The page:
Eastern Illinois University Logo
Booth Library |

Revolutionary Decade | Exhibits

Benjamin Franklin: in Search of a Better World

Related Exhibits

Timeline of America in the 1960s
North Lobby
So many important events occurred during the 1960s: inventions, social movements, artistic achievements, political upheavals, sporting triumphs and heartbreaks, scientific breakthroughs, entertainment milestones, military interventions and far too many deaths — often associated with one or more of the aforementioned. Sadly, the decade was also marked by a number of high-profile assassinations, and human tragedies played out both here at home and around the globe. Altogether, the 1960s are memorable as a time when America came to terms with its power and potential on the world stage — and when many aspects of daily life as we now know it began to take shape. Approximately 50 years later, the events on this timeline still reverberate. Curators: David Bell and Robert Hillman

EIU in the 1960s
Marvin Foyer
Overriding all events that took place at Eastern during the 1960s was the phenomenal growth of the campus physical environment itself. This exhibit focuses especially on this fast-paced development activity. Also featured in the exhibit is the rich cultural life to which Eastern’s burgeoning student population was exposed — a wide array of nationally and internationally known musicians, thespians, comedians, dancers and other entertainers brought to campus. Also highlighted are the homegrown activities and significant happenings that together created a stimulating campus experience. Curators: David Bell and Robert Hillman

Fashion in the ’60s: From Jackie O. to Janis Joplin
Marvin Foyer
The 1960s were marked by dramatic changes in the world of fashion. In the past, fashionable attire had traditionally been marketed only to the elite and wealthy. As the ’60s got underway, new synthetic fabrics made clothing more affordable, and styles gradually became less form fitting and more casual. Fashion designers soon realized that young members of the “Baby Boom” generation had far more disposable income than previous generations. All of these factors fueled dramatic shifts in fashion throughout the decade. Curator: Johna Von Behrens

1960s Art Scene
Marvin Foyer
This exhibit looks at artists of the 1960s, including Andy Warhol and the Chicago Imagists, who depicted the era’s stylistic movements: pop, minimalism, new realism, color field, psychedelic, optical, kinetic and 1960s-style commercial art. Curators: Sally Van der Graaff, Joe Hall-Ingram and Jeanne Goble

Music in the 1960s
Marvin Foyer
Music in the 1960s immediately brings to mind some of the most iconic performers and events in 20th-century music history, including Jimi Hendrix, Janis Joplin, The Beatles and Woodstock. Rock ‘n’ roll trends of the 1950s evolved dramatically through the 1960s, leading to the counterculture of psychedelic and folk rock of the second half of the decade. The 1960s also saw the rise in popularity of funk and soul, with internationally recognized girl groups of the time such as Diana Ross and the Supremes. This exhibit highlights key figures and musical events of this highly influential decade.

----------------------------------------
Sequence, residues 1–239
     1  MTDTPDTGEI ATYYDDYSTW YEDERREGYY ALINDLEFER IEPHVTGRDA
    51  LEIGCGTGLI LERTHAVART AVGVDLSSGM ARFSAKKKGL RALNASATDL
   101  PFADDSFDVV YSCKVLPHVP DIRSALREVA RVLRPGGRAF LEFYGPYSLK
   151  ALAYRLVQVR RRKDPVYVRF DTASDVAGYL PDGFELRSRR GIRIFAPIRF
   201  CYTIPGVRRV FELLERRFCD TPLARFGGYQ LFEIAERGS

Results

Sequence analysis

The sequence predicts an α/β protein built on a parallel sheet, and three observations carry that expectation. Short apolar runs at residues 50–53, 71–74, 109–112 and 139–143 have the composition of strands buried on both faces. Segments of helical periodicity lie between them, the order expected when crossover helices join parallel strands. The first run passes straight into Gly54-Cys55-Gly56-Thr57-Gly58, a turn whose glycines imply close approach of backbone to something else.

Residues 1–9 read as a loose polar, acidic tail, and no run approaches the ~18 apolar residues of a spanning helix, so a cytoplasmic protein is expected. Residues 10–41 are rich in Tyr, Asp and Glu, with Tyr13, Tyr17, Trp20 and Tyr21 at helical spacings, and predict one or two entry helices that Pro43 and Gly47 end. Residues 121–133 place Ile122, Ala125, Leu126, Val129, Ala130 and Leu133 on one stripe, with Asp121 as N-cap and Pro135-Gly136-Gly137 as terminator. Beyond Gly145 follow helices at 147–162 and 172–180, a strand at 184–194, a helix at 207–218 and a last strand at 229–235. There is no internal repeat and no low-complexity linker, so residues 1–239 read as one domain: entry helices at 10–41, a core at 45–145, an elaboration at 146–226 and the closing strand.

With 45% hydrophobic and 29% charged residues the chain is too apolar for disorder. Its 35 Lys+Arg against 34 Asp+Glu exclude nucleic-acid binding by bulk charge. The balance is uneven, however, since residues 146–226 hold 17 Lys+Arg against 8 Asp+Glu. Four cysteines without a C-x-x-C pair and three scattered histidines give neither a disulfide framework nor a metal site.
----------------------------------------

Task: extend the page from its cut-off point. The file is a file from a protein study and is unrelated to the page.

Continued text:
Curators: Bill Schultz Jr. and Allen Lanham

Literature and 1960s America
Marvin Foyer
Literature reflects its times. The 1960s were unusually turbulent times. As a result, the literature of the 1960s was very experimental and groundbreaking. A wide range of new authors and genres appeared as a result of this restless atmosphere in American culture.
Curators: Janice Derr and David Bell

The Pill
Third-floor Reference Hallway
The first birth control pill, Enovid, was approved for use as an oral contraceptive in early 1960. It quickly became one of the most widely prescribed pharmaceuticals in American history. It allowed women to have choice in regard to timing and numbers of pregnancies and thus was one of the things that ushered in the second wave (after women’s suffrage) of the women’s movement. The exhibit highlights the development of the pill and controversies, both medical and societal, in its use. Curator: Ann Brownson

Technology in the 1960s
Third-floor Reference Hallway
"One small step for a man, one giant leap for mankind."  So many things we take for granted and rely heavily on in today's world - the Internet, the personal computer, ATMs, our car's GPS system, and even video games - had their birth in the 1960s.  The international rivalry of the United States and the Soviet Union, expressed via the space race, resulted in the first satellite (the Soviet Union's Sputnik - a precursor to the development of GPS) and the first manned exploration of another world (America's moon landing). This exhibit provides snapshots of this incredible era of innovation, a time that formed the very foundation of our technology-dependent 21st century world.
Curator: Todd Bruns

Biocide: Rachel Carson and the Environmental Movement
Third-floor Reference Hallway
Rachel Carson’s Silent Spring was published in 1962, destined to be cited as the book that sparked the modern environmental movement. This exhibit includes the story behind the writing of Silent Spring, a sampling of Carson’s key foundational concerns, as well as the subsequent support and scathing criticisms of the book’s content and of Carson as a female writer. The flip side of this exhibit highlights countercultural environmental beliefs and actions that flourished under post-scarcity ideologies played out by student protests and those striving to “go back to the land.” Curator: Lee Whitacre

The Birth of a Theory -- Plate Tectonics: The Revolution of Geology
Third-floor Reference Hallway